JOEL W. GROSSMAN, Ph.D.

BIOGRAPHICAL SUMMARY – 2021

Andean and South American Archaeology: Dr. Grossman received his BA (1967) and his Ph.D. (1972) as a Fulbright/Special Career Fellow in Peruvian and North American archaeology from the University of California, Berkeley. He studied high altitude Andean archaeology with a specialization in the ceramics and
chronology of Initial Period through the Middle Horizon styles under John H Rowe and Dorothy Menzel
of the Institute of Andean Studies. His scientific accomplishments include major prehistoric and historic
discoveries throughout North America, the Andes of Peru, the Brazilian Amazon, Costa Rica and Puerto
Rico. In Peru, after leading a joint US-Peruvian expedition to find a pre-Inca mummy bundle in the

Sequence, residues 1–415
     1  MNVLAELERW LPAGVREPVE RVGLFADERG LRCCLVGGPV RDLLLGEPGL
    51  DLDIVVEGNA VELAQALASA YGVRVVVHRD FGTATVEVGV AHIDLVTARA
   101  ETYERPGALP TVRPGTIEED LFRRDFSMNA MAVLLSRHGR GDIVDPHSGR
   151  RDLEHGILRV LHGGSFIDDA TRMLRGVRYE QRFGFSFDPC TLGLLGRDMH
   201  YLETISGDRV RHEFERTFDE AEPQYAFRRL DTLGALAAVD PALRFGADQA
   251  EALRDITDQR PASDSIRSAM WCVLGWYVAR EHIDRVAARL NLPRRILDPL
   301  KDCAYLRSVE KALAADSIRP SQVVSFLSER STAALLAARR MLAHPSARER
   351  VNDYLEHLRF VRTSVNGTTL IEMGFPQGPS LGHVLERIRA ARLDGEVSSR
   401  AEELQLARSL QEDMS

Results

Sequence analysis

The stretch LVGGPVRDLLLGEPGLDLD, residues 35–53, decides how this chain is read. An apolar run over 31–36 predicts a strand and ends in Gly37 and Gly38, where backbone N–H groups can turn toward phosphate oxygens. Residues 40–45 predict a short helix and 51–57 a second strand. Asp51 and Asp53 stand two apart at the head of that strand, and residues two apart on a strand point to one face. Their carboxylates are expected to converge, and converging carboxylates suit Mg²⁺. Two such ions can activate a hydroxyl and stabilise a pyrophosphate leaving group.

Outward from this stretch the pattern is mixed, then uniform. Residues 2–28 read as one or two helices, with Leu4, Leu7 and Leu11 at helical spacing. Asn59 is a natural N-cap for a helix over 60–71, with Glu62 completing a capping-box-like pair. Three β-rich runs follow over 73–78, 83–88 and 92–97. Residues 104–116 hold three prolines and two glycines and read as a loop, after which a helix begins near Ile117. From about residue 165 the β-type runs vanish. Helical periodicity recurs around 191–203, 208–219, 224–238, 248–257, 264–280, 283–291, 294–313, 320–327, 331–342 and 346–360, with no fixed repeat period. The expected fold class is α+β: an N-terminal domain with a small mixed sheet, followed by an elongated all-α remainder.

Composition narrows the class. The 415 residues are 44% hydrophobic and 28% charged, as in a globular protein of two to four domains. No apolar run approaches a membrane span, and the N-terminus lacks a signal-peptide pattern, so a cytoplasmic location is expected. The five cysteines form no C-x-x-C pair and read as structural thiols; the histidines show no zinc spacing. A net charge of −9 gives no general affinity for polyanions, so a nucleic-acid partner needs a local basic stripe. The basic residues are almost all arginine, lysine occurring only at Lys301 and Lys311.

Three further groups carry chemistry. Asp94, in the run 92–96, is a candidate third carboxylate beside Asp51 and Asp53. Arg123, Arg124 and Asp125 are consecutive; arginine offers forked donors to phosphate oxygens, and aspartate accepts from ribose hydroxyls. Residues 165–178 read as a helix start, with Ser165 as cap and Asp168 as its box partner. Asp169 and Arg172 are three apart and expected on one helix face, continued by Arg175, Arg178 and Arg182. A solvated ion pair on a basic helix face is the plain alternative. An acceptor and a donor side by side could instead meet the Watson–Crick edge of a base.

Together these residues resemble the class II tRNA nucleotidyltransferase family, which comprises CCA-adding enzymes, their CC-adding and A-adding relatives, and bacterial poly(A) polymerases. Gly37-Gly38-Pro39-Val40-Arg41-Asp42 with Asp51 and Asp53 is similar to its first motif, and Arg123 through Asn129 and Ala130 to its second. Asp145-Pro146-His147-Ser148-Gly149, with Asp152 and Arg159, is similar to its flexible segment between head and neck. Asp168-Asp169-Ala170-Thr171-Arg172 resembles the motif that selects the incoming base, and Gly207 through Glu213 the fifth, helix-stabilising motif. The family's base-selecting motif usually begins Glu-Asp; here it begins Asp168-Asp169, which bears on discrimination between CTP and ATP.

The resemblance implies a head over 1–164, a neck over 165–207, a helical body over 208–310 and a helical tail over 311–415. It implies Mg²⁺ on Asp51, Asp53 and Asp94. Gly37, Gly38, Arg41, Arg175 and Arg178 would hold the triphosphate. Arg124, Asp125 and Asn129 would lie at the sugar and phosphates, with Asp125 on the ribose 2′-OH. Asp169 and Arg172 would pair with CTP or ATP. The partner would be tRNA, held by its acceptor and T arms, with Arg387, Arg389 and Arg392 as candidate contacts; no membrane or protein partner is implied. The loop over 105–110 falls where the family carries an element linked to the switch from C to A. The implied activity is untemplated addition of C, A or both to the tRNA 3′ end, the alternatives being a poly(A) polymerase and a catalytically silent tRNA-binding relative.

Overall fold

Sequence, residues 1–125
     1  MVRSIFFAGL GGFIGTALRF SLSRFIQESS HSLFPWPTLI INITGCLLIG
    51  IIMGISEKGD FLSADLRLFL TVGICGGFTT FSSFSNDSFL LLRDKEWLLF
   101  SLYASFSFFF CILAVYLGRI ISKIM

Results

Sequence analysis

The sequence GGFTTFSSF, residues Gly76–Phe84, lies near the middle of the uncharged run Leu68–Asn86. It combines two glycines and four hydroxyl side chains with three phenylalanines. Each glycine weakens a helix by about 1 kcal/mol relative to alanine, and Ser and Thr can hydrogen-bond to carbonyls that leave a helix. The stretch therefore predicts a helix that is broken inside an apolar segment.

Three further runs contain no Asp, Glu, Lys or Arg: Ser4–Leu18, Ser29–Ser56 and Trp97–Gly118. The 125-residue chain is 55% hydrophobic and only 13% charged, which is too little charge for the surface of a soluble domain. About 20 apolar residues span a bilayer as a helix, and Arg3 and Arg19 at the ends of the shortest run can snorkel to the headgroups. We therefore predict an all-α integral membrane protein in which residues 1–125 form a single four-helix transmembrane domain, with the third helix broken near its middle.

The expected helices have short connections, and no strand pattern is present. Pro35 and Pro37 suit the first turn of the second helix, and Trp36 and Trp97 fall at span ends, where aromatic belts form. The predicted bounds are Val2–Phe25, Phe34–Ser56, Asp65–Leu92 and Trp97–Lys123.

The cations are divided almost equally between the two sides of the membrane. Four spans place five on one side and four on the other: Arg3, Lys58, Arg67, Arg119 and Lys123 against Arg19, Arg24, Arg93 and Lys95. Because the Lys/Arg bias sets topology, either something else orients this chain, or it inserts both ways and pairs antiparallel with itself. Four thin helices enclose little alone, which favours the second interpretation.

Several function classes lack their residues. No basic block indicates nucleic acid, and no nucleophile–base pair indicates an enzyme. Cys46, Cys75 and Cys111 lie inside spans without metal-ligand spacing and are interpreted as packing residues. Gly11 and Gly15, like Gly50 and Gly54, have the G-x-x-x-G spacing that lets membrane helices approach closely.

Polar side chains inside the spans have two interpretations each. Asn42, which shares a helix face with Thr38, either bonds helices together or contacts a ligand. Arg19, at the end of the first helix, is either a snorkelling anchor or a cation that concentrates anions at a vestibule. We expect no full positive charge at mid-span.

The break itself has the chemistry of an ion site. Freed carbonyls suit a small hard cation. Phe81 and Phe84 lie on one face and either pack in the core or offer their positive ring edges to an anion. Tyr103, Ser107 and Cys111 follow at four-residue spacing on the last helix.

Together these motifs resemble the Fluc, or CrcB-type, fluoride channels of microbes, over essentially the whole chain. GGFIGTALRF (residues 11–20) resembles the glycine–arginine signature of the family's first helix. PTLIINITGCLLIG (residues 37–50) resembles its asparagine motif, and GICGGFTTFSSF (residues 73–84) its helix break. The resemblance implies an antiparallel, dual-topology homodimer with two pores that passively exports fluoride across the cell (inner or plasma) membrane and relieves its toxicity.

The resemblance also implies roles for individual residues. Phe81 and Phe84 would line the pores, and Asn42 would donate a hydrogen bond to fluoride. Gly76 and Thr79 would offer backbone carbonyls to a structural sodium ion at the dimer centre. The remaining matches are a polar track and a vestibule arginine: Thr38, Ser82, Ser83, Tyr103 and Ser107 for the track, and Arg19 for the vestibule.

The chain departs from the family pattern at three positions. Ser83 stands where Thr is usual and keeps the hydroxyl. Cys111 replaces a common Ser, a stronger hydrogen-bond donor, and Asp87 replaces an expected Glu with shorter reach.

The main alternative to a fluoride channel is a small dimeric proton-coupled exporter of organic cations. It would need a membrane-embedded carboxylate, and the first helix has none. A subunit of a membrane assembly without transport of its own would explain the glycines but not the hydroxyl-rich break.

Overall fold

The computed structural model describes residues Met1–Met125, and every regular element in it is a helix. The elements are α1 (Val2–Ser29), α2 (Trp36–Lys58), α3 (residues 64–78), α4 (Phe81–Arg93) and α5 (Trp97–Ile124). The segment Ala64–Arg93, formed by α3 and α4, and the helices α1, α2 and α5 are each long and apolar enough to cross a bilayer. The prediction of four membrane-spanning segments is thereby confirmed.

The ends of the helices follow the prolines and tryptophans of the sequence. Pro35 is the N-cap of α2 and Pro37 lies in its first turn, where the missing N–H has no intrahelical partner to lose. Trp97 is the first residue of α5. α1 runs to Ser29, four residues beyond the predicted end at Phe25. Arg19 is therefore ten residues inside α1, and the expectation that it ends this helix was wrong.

south-central Andes, he discovered a 3500-year sequence of buried Pre-Inca ceramic cultures at a hilltop site
called Waywaka in Andahuaylas, Apurimac, Peru. This layer cake of Pre-Inca settlements
revealed early pottery making, early gold working, and a gold workers tool kit, dating back in time
to the 16th century BC. - The antiquity of the gold has now been confirmed, by new high-resolution
AMS radiocarbon determinations, to date to before 1500 BC versus, as some had argued, a shallower
time depth of ca 1000 BC (Grossman 1972a&b, 1983, 2013, Grossman in press).

Early North American Prehistoric and Historic Archaeology: Dr. Grossman’s professional career